Ireland clamps down on mislabeled fish
By Lindsey Partos, SeafoodSource contributing editor, reporting from Paris
Published on 30 March, 2011
Actors in Ireland’s seafood supply chain must track traceability, the country’s food-safety agency warned on Wednesday after finding nearly one in five fish products labeled incorrectly.
“If consumers want to buy a piece of cod, it should be a piece of cod they are buying, and not some other fish,” said Alan Reilly, chief executive at the Food Safety Authority of Ireland (FSAI).
In the first comprehensive labeling study of fish products on sale in Ireland, the FSAI analysis found 20 samples (out of 111) sold with a cod label in fact contained a totally different, and cheaper, species. Indeed, in total 21 samples (19 percent) were found to be mislabeled, 17 of which contained pollock or smelt.
“This activity can be viewed as food businesses increasing their own profit margins by misleading consumers,” said Reilly, adding that businesses are failing to maintain appropriate traceability records.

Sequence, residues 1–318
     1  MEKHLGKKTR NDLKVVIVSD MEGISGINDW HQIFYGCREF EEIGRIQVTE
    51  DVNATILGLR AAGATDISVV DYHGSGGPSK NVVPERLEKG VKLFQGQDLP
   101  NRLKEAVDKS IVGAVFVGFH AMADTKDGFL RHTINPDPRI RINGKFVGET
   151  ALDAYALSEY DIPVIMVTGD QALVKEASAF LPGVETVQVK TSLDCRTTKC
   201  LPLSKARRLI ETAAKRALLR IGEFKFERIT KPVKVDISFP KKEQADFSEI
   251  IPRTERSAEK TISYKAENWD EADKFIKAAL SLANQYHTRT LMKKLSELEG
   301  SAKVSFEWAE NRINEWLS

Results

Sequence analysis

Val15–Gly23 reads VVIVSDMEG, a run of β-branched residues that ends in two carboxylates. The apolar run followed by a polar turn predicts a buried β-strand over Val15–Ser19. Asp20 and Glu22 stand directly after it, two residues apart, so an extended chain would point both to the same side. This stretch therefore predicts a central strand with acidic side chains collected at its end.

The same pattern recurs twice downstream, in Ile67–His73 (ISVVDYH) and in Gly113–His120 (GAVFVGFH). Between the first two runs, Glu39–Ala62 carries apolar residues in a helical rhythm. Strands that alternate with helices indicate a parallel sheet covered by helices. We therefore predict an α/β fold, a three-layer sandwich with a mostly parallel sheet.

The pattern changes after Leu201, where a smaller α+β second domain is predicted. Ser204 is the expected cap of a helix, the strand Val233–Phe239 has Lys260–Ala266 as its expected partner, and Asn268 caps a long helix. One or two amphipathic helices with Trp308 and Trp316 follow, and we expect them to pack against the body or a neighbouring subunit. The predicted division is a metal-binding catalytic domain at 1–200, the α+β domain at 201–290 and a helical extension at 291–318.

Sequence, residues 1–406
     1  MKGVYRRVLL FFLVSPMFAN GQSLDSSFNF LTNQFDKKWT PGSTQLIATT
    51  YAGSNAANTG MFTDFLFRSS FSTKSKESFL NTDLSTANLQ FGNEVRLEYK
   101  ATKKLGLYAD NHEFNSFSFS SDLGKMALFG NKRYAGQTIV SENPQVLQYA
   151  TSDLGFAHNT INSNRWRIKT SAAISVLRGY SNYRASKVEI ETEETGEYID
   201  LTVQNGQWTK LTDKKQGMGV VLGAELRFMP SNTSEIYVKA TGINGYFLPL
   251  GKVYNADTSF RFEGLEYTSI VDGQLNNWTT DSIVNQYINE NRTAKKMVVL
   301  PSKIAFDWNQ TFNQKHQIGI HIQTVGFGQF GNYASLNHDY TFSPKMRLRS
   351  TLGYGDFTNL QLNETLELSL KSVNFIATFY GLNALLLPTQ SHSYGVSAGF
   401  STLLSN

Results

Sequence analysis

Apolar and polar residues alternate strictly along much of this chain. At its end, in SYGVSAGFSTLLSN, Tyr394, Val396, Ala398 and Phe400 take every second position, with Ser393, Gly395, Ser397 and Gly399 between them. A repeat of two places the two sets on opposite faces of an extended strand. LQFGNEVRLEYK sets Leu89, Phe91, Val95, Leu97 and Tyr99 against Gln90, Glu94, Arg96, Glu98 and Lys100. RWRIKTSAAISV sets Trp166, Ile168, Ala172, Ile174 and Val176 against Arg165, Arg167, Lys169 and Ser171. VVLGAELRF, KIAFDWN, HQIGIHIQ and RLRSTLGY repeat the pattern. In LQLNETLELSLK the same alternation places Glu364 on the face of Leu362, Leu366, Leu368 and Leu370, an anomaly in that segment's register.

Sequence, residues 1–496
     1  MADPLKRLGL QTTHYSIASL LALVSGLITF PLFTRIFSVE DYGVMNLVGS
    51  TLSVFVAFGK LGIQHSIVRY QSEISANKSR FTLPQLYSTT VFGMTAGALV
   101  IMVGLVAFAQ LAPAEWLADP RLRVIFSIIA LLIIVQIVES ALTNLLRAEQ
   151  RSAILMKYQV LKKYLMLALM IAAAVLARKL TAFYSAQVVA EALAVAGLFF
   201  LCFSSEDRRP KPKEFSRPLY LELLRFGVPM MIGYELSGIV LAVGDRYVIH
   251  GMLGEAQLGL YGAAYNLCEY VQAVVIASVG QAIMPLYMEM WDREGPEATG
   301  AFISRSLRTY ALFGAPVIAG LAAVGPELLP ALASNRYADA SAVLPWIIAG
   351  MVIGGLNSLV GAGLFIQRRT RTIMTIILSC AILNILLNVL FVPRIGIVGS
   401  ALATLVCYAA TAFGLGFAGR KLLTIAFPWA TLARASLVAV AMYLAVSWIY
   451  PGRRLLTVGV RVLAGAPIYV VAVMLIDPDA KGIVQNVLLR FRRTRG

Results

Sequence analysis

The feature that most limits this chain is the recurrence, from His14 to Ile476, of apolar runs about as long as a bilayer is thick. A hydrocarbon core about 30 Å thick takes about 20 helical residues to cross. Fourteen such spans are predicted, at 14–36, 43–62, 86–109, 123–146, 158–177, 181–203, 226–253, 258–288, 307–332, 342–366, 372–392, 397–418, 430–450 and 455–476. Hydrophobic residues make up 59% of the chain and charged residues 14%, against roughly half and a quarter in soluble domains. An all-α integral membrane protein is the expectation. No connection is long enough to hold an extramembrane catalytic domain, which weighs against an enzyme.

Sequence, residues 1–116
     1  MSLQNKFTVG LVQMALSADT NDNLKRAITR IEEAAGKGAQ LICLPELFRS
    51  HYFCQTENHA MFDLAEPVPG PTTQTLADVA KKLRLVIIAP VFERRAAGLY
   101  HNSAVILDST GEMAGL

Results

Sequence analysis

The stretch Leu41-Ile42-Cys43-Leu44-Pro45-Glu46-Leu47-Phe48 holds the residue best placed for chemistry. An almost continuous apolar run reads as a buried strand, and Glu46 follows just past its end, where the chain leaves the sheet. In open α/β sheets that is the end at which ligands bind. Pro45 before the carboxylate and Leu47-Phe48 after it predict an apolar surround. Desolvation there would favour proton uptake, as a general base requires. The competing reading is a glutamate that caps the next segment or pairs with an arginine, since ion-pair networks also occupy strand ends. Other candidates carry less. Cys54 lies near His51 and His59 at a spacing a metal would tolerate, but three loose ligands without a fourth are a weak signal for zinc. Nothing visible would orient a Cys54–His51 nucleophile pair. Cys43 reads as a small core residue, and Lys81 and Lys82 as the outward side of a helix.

And in a direct reaction to the survey findings, Reilly announced the introduction of an annual seafood-sampling and analysis program together with Ireland’s Health Service Executive.
The FSAI analysis used genetic analysis to identify the species, dipping into samples from retail outlets, fish shops, hotels, pubs, restaurants and takeaways. The latter represented the largest segment of non-compliance, with 32 percent of takeaways found to be selling mislabeled seafood products.
In terms of enforcement action, the agency said non-compliant businesses were revisited by environmental health officers, issued verbal warnings and notified that additional unannounced checks are to be expected.
A European pilot project, eTrace, is using radio frequency identification (RFID) tagging technology to track fish in the European market. As traceability tools move to center stage for the global seafood industry, the thrust of the project is to test the feasibility of using an electronic product code standard called EPCIS in the seafood supply chain.